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How To Support Your Immune System

Remember — 80% of immune system is located in your gut, so what you consume is crucial to ensuring your immune system is fully supported.

Vitamin C

Vitamin C is an antioxidant that optimises the whole immune system and the Mitochondria, which are the ‘batteries’ that power the cells in our body.

A great source of the vitamin C is paprika, as well as berries, lemons, limes and citrus fruits. The Kakadu plum, native to Australia, and the Camu Camu fruit have one of the highest concentrates of vitamin C. Fermented cabbage, otherwise known as Sauerkraut, is also loaded with vitamin C and easily made at home with minimal additional ingredients/ tools.

Vitamin A

Vitamin A strengthens the lining of the tube systems within your body, such as the gut lining and the lungs, to ensure they can work effectively and support the immune system. Cod liver oil, beef liver, sheep liver and carrots are all rich sources of vitamin A.

Vitamin D

A recent study showed that a higher level of humidity and sunlight, decreased the transmission of influenza. Another study also revealed that a vitamin D deficiency could effect the microbiome and immune system.

The easiest way to get your daily dose of vitamin D is through exposure to sunlight. This doesn’t mean baking yourself for hours in the sun, it just means exposure for a few minutes a day, usually in the middle of the day. Try going for a 10-minute walk at lunchtime.

The time of day, time of year and angle of the sun can all effect how much vitamin D you can access from the sun at any one time. The useful app D Minder provides a rough approximation of how much vitamin D you can gain from the sunlight throughout the day. It also offers prompts of when you will get the best access to vitamin D from the sunlight.


Legumes, Seeds, Nuts, Whole Grains, Beans contain substantial amounts of zinc .Daily diet should contain surplus amount of these.

Other effective ways to boost your general health and immunity include:

Get Enough Sleep

When we sleep, our body rests, repairs and regenerates. It’s an essential time for our body to heal and fight off disease.


Exercise puts added pressure on the mitochondria to create energy. If you’re worried about immune function, engage in just moderate to light forms of exercise to lower the possible stress on the mitochondria and immune system.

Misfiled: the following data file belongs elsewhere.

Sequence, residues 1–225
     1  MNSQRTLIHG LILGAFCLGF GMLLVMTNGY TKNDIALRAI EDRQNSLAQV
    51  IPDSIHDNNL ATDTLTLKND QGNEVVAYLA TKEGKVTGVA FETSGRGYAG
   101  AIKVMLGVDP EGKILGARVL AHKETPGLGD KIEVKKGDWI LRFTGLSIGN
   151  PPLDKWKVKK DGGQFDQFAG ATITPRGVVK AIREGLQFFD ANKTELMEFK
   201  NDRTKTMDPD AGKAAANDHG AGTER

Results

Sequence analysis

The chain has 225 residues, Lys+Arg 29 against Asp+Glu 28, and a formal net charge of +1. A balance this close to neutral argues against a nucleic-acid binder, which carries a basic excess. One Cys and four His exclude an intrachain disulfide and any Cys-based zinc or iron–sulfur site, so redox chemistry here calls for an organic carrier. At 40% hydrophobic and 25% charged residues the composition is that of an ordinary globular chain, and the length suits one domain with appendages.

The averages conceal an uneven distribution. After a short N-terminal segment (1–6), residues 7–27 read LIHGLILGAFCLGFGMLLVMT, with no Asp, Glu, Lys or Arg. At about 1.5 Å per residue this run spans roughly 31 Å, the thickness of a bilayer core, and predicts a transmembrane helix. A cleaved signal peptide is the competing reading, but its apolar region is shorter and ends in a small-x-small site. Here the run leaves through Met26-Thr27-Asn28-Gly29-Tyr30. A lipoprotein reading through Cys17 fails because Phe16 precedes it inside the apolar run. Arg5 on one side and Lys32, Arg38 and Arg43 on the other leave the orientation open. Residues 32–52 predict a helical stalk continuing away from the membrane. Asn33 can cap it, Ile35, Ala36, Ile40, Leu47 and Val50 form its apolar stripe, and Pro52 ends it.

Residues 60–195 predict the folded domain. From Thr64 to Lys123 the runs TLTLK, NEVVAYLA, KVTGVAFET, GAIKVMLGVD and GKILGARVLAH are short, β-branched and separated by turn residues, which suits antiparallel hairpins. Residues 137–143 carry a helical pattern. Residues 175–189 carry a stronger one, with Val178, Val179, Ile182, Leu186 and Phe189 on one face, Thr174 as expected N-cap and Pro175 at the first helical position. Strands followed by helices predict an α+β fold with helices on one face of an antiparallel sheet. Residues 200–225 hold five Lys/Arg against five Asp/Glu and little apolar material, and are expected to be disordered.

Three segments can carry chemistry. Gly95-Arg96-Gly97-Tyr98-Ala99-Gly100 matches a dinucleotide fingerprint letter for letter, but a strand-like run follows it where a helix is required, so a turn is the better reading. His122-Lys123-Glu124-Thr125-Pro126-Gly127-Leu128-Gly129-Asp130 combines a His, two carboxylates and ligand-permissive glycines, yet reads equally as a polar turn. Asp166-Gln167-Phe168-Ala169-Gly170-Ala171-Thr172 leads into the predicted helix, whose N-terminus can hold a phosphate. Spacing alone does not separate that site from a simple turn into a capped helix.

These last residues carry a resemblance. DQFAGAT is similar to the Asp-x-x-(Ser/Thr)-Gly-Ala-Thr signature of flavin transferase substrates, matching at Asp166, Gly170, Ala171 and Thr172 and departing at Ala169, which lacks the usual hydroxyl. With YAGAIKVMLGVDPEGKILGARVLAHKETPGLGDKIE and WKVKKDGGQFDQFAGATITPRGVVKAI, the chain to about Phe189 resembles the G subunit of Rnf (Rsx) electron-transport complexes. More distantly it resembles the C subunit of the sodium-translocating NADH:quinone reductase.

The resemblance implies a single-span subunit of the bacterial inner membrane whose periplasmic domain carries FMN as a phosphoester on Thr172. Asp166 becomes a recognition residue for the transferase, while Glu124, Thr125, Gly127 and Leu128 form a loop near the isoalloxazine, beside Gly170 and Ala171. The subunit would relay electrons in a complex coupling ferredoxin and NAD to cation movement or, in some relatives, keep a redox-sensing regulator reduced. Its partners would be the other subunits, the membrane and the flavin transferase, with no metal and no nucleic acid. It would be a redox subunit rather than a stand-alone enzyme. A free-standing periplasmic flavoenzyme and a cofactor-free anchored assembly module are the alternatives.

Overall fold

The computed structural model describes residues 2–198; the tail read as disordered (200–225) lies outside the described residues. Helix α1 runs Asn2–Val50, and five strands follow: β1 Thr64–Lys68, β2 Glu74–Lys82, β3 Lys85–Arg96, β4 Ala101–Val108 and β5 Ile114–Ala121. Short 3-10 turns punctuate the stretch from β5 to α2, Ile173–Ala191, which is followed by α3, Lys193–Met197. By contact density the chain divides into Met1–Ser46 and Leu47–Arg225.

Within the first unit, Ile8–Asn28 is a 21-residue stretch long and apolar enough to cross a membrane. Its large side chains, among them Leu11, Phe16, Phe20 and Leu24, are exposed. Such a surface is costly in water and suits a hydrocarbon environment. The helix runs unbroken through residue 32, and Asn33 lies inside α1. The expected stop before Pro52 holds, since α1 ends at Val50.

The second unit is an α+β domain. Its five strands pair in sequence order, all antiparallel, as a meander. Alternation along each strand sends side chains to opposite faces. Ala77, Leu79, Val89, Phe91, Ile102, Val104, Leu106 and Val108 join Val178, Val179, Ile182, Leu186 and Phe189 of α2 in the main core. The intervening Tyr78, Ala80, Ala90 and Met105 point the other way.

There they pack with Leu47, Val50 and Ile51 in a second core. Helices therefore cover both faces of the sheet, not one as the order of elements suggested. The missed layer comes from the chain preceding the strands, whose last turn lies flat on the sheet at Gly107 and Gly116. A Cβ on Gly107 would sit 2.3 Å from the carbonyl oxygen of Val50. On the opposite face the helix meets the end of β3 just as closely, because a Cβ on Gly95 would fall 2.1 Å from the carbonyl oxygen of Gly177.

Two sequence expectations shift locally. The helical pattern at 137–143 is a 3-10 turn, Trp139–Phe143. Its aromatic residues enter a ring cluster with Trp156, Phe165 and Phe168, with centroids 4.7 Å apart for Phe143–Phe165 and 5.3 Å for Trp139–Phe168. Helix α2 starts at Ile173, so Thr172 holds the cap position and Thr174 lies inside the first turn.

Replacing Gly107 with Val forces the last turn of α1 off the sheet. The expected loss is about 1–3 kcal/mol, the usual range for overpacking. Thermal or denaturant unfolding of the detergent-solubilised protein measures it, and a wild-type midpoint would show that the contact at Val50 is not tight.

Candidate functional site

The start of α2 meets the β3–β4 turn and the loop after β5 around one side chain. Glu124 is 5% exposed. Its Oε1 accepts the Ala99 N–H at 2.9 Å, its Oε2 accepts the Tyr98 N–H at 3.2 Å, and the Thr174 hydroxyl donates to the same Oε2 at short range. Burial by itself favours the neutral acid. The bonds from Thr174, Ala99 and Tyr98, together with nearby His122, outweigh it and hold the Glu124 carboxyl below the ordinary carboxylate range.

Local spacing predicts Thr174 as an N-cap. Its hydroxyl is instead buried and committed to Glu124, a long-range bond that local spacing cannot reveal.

Fibre Diversity is Key

It’s important to eat a wide variety of dietary fibres. Different fibres work in different ways and they each provide their own health benefits. Eating a variety of fibre, including resistant starch can help to improve gut health and provide that vital support for our immune systems. Don’t eat the same thing over and over again. Try to pick something new each week. Some good sources of resistant starch include wholegrain cereals, starchy vegetables, lentils, chickpeas, baked beans, red kidney beans, nuts and firm bananas.

Ferment those Veg

A recent study showed that L.plantarum, a probiotic found in fermented vegetables, has an antiviral effect against Influenza A. The process of fermentation can also help to increase the bioavailability of some nutrients, which helps the body to absorb more of the vitamins and minerals. Fermented foods are also rich in vitamin B and vitamin K, which are vital to a healthy immune system.

You can simply ferment veg at home with little equipment and effort, and this will ensure that you will reap the rewards of all the nutrients, as it will be fresh.

Probiotics and Prebiotics

Probiotic foods with good bacteria, can help to support the gut lining which helps to support the immune system. When there is a lack of good bacteria in the gut, other forms of bad bacteria may be allowed to grow causing inflammation and compromising the immune system.

Probiotics are naturally found in a number of foods and drinks, including yoghurt, sauerkraut, kimchi, miso, kefir and kombucha. There are also a number of supplements available, with varying degrees of effectiveness.

Prebiotics feed the probiotics bacteria, enabling it to work more effectively. Prebiotics are naturally found in a wide range of foods, including bananas, asparagus, artichokes (both Globe and Jerusalem), onion, garlic, flaxseeds, oats, wheat, barley, green vegetables, goji berries and honey. Raw apple cider vinegar (with “The Mother”) is also classified as a prebiotic.

Increasing your probiotic intake over time can improve your overall gut health, and nutrient absorption from the foods you eat. In turn, this boosts your digestive health, immunity and overall wellbeing. But because many prebiotic foods are high in fibre (prebiotics are fibre-rich in nature), adding too many at once can lead to issues such as gas, bloating and uncomfortable bowl movements – it’s all about balance.


Traditional milk kefir (pronounced “keh-FEER”) has over three times the amount of probiotics that yogurt has, and is filled with vitamin B and vitamin K vitamin, which are vital to a healthy immune system.

As well as being a natural immune booster, Scientific research demonstrates six major health benefits from drinking traditional milk kefir. You can experience a healthier heart and cardiovascular system, decreased inflammation and faster healing, improved digestion and better gut health, faster metabolism and easier weight loss, enhanced brain function, antimicrobial activity, lower blood sugar and appetite suppression.

One of the best things about milk kefir is that it’s simple and inexpensive to make at home, and home-made kefir actually retains significantly more of its health benefits than any store-bought kefir.


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